[Michael Hong wrote](https://forum.azimuthproject.org/discussion/comment/18542/#Comment_18542):

> I think not knowing that we have to define another relation \\(\le\\) on \\( \mathrm{Ob}(\mathcal{X})\\) is what confused me the most when I first attempted to understand the past few lectures.

But we _don't_ have to define another relation on \\(\mathrm{Ob}(\mathcal{X})\\). Not in general, anyway. The theorem you're referencing is taking any given **Bool**-enriched category and constructing a preorder out of the information it contains. This is a theorem _about_ **Bool**-enriched categories, not a requirement of their definition. It wouldn't work this way for, say, **Cost**-categories. That's why we say that **Bool**-categories "are" preorders, and **Cost**-categories "are" Lawvere metric spaces -- each has a "straightforward" way to convert between the two concepts.

As John says in this lecture:

> We've managed to define preorders in a new, more abstract, more confusing way!

At present, \\(\mathcal{V}\\)-enriched categories are just sets \\(S\\) with an associated map \\(\mathcal{X} : S \times S \to \mathcal{V}\\) into a monoidal preorder. We require \\(\mathcal{X}\\) to satisfy some additional properties, so it can't be just any such map, but it _is_ a map. And for whatever reason, we tend to prioritize the map instead of the set in our notation, denoting \\(S\\) by \\(\mathrm{Ob}(\mathcal{X})\\).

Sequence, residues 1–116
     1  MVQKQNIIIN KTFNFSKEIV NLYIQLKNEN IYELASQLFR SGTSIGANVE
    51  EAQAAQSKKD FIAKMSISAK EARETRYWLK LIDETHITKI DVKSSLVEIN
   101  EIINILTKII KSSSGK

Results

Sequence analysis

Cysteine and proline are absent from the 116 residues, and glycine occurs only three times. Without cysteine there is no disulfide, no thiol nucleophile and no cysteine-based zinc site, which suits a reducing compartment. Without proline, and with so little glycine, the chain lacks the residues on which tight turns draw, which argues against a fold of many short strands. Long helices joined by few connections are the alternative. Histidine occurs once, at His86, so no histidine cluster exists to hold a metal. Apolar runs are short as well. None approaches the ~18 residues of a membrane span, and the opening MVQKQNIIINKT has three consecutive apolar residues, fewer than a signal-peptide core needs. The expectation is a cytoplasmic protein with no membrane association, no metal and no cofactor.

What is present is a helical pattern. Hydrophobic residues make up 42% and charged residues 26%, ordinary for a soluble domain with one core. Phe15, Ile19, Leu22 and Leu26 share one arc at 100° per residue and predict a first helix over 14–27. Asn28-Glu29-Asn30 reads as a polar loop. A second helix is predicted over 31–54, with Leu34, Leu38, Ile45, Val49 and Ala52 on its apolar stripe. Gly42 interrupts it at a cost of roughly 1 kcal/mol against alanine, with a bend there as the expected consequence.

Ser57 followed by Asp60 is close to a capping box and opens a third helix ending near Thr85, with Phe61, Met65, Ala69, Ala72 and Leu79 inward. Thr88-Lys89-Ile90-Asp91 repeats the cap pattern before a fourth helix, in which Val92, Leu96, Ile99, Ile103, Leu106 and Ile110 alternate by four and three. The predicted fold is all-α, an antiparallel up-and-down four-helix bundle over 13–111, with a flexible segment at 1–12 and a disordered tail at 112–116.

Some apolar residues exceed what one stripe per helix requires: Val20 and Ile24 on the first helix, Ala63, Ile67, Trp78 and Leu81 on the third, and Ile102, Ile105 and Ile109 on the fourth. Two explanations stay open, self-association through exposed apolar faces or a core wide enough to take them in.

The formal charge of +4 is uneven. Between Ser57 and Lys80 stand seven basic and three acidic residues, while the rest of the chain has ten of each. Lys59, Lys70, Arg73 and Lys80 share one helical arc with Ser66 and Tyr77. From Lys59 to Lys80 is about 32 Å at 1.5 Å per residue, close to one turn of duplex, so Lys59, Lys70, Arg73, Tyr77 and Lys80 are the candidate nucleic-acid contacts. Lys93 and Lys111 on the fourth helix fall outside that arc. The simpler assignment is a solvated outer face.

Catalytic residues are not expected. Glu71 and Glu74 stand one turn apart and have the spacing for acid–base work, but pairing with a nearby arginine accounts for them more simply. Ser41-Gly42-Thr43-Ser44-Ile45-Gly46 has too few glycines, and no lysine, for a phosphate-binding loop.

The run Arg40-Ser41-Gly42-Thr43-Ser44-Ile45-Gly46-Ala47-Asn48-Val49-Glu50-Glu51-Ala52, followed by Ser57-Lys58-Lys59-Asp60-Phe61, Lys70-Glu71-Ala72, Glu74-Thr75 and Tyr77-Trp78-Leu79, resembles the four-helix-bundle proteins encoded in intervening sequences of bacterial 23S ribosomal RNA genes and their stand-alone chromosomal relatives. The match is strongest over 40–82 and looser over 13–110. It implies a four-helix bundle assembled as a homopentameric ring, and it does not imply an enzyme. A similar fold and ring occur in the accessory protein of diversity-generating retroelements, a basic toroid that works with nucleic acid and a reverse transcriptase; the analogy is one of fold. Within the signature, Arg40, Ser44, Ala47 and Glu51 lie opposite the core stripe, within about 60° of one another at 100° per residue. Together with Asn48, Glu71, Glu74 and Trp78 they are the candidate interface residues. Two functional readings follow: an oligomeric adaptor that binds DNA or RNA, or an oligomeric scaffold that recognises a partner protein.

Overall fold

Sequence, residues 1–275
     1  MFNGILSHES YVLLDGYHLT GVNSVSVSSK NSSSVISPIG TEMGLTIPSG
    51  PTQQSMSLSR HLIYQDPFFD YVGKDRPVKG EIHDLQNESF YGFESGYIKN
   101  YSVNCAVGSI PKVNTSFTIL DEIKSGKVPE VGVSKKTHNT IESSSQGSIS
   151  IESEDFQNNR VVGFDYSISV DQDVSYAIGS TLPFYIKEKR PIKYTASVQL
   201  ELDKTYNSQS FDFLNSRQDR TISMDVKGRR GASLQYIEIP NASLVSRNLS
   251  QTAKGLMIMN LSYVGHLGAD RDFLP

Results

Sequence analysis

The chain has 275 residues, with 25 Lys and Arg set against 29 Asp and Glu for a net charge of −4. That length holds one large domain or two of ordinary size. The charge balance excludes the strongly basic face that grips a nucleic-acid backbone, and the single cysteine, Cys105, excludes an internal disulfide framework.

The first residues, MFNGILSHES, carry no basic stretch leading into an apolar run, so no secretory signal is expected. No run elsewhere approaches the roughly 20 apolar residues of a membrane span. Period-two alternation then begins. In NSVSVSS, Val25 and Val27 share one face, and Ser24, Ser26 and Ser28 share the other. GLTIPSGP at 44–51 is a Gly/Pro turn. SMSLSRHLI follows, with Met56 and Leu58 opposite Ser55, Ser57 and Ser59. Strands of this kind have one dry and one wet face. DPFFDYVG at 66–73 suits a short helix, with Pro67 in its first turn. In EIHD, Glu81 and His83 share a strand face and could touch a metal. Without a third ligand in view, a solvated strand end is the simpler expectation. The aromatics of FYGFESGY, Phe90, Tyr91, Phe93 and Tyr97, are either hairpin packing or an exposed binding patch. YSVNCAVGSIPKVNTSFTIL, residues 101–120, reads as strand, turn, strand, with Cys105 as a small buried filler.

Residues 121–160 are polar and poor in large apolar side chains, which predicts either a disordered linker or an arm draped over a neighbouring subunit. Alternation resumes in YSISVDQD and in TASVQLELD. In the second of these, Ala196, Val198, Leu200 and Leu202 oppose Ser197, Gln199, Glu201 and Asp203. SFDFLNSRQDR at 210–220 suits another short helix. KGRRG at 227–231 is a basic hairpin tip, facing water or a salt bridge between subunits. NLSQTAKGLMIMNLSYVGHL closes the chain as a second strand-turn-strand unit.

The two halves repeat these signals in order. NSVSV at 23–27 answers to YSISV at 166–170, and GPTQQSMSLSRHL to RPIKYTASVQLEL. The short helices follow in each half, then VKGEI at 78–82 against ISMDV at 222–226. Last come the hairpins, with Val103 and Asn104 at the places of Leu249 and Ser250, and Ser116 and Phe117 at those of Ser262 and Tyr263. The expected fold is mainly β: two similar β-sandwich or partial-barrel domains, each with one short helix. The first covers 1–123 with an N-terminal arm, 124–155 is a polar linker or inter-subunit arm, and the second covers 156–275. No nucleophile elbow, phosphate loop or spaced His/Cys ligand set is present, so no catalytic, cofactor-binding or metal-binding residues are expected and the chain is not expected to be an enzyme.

When \\(\mathcal{V}\\) is **Bool**, \\(\mathcal{X}\\) has the form \\(S \times S \to \mathbf{Bool}\\), which [as Christopher notes](https://forum.azimuthproject.org/discussion/comment/18545/#Comment_18545) is the form of the characteristic function for a binary relation on \\(S\\). This gives a convenient stepping stone in the interconvertability between **Bool**-enriched categories and preorders (which are just particularly nice binary relations).

> I think not knowing that we have to define another relation \\(\le\\) on \\( \mathrm{Ob}(\mathcal{X})\\) is what confused me the most when I first attempted to understand the past few lectures.

But we _don't_ have to define another relation on \\(\mathrm{Ob}(\mathcal{X})\\). Not in general, anyway. The theorem you're referencing is taking any given **Bool**-enriched category and constructing a preorder out of the information it contains. This is a theorem _about_ **Bool**-enriched categories, not a requirement of their definition. It wouldn't work this way for, say, **Cost**-categories. That's why we say that **Bool**-categories "are" preorders, and **Cost**-categories "are" Lawvere metric spaces -- each has a "straightforward" way to convert between the two concepts.

As John says in this lecture:

> We've managed to define preorders in a new, more abstract, more confusing way!

At present, \\(\mathcal{V}\\)-enriched categories are just sets \\(S\\) with an associated map \\(\mathcal{X} : S \times S \to \mathcal{V}\\) into a monoidal preorder. We require \\(\mathcal{X}\\) to satisfy some additional properties, so it can't be just any such map, but it _is_ a map. And for whatever reason, we tend to prioritize the map instead of the set in our notation, denoting \\(S\\) by \\(\mathrm{Ob}(\mathcal{X})\\).

When \\(\mathcal{V}\\) is **Bool**, \\(\mathcal{X}\\) has the form \\(S \times S \to \mathbf{Bool}\\), which [as Christopher notes](https://forum.azimuthproject.org/discussion/comment/18545/#Comment_18545) is the form of the characteristic function for a binary relation on \\(S\\). This gives a convenient stepping stone in the interconvertability between **Bool**-enriched categories and preorders (which are just particularly nice binary relations).